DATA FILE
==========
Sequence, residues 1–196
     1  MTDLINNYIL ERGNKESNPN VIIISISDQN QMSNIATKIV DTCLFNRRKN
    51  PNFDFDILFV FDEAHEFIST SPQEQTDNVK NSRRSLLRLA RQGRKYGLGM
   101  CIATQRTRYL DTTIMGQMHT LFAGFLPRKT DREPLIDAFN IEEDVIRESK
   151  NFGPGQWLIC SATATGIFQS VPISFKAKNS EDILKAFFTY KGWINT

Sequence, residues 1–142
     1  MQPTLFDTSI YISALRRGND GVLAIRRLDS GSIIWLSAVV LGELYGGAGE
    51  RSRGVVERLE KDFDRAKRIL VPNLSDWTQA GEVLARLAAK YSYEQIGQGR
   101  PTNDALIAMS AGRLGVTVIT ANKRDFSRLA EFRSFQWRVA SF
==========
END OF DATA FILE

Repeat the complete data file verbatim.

Sequence, residues 1–196
     1  MTDLINNYIL ERGNKESNPN VIIISISDQN QMSNIATKIV DTCLFNRRKN
    51  PNFDFDILFV FDEAHEFIST SPQEQTDNVK NSRRSLLRLA RQGRKYGLGM
   101  CIATQRTRYL DTTIMGQMHT LFAGFLPRKT DREPLIDAFN IEEDVIRESK
   151  NFGPGQWLIC SATATGIFQS VPISFKAKNS EDILKAFFTY KGWINT

Sequence, residues 1–142
     1  MQPTLFDTSI YISALRRGND GVLAIRRLDS GSIIWLSAVV LGELYGGAGE
    51  RSRGVVERLE KDFDRAKRIL VPNLSDWTQA GEVLARLAAK YSYEQIGQGR
   101  PTNDALIAMS AGRLGVTVIT ANKRDFSRLA EFRSFQWRVA SF